Examining the sexual relationships of season six, Willow and Tara's actually emerges as the healthiest, despite its problems. The episode "Entropy" comes to mind as an excellent illustration of the differences between homosexual and heterosexual relationships during that season and, in fact, the series. In that episode, Spike is sulking because of a recent break-up with Buffy, and Anya and Xander are hurting because Xander left Anya at the altar. Spike and Anya sleep together and Buffy and Xander accidentally catch them via a hidden camera. This story ends badly, of course, and the intertwining of those two subplots suggests that heterosexual relationships are ultimately only avenues for sex that will result in alienation and pain. However, the episode ends with Tara and Willow reuniting, with homosexual love enduring, offering caring and support. Indeed, their relationship ends when Warren, a misogynistic man who previously attempted to rape an ex-girlfriend and who exploits Andrew's obvious homosexual attraction to him, shoots Tara.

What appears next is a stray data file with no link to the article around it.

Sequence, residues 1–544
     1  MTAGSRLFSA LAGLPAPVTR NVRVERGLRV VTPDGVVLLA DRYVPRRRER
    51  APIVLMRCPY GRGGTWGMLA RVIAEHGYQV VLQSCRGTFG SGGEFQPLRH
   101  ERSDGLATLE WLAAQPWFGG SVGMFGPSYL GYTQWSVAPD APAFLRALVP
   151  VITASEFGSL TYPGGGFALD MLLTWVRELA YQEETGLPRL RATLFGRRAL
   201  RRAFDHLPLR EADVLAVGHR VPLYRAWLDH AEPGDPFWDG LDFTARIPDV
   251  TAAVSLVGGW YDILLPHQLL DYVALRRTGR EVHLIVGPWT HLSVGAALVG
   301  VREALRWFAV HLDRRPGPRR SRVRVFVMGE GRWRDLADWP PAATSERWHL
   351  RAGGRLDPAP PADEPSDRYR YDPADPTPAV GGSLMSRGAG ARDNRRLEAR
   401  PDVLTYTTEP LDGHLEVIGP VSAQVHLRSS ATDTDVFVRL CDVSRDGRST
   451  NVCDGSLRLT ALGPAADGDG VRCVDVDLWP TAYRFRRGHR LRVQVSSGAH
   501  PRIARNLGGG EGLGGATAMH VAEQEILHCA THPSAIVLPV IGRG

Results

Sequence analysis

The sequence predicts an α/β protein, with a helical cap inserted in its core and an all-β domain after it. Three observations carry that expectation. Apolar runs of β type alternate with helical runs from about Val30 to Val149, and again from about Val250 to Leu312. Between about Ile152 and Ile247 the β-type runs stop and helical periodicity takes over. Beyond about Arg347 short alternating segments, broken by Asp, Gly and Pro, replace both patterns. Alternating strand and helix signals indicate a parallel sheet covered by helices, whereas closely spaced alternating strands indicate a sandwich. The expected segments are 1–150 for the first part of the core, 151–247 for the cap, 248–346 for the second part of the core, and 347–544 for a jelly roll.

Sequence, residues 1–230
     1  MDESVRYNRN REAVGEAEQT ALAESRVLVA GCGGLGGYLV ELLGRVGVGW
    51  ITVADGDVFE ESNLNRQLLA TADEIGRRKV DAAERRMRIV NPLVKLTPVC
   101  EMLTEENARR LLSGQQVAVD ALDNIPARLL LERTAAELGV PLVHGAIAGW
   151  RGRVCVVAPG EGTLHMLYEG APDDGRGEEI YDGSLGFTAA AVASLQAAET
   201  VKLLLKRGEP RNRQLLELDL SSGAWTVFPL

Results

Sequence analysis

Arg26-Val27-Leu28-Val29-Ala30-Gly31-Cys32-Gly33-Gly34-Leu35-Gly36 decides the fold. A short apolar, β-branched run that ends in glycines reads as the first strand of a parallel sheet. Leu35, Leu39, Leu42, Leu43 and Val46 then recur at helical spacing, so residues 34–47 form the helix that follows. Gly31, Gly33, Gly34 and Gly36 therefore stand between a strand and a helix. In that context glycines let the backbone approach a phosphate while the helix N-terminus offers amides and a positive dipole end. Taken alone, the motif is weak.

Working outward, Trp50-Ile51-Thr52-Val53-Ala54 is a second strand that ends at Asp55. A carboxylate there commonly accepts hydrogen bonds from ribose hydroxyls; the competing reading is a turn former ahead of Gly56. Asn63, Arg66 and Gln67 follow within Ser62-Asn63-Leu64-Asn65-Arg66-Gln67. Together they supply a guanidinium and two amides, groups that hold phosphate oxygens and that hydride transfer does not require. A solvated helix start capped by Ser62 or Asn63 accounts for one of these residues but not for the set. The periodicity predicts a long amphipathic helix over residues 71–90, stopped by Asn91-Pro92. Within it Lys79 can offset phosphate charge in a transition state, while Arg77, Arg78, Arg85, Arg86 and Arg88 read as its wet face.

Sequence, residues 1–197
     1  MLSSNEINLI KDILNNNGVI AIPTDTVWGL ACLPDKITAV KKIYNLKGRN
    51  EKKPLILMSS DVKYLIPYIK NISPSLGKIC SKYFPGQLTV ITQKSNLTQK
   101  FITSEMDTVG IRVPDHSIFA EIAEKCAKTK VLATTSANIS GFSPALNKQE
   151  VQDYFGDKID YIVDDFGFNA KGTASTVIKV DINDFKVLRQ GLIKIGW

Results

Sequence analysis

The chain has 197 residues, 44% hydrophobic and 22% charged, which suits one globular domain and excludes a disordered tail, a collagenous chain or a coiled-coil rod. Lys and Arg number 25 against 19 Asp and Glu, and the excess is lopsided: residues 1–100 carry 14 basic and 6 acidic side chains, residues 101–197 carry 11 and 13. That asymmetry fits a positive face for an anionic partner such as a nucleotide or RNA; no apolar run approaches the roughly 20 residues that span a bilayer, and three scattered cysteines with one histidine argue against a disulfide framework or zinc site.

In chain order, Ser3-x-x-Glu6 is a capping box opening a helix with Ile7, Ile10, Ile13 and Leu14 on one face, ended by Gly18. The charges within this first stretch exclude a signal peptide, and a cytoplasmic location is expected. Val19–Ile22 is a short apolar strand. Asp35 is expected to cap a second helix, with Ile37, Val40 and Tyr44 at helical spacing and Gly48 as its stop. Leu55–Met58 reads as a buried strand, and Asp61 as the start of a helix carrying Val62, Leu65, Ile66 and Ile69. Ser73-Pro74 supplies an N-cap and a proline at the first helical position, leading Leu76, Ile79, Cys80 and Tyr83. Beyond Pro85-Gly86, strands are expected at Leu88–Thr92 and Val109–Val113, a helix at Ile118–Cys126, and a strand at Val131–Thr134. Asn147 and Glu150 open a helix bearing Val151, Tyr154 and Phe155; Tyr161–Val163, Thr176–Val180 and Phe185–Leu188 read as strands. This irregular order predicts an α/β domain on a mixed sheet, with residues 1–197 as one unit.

But really, Joss? You had to embrace both the dead lesbian and evil lesbian clich├ęs?

I do think that Tara's memory was tarnished by the events of season seven, and by that I mean that which dare not speak its name. OK, I will speak its name: Kennedy. Why would Willow date such a pushy, charmless brat? And she dates a pushy, charmless brat, like, five minutes after Tara dies. Where is the mourning? Where is the remorse for her Dark Willow actions? Again, five minutes and then nothing. Lots of nothing in general. Did season seven have a plot? Anyway, Willow and Tara's relationship was one of the first lesbian relationships on primetime TV, and good or bad it was an important piece of increasing the presence of LGBT characters on network television.

'Buffy the Vampire Slayer': Season Four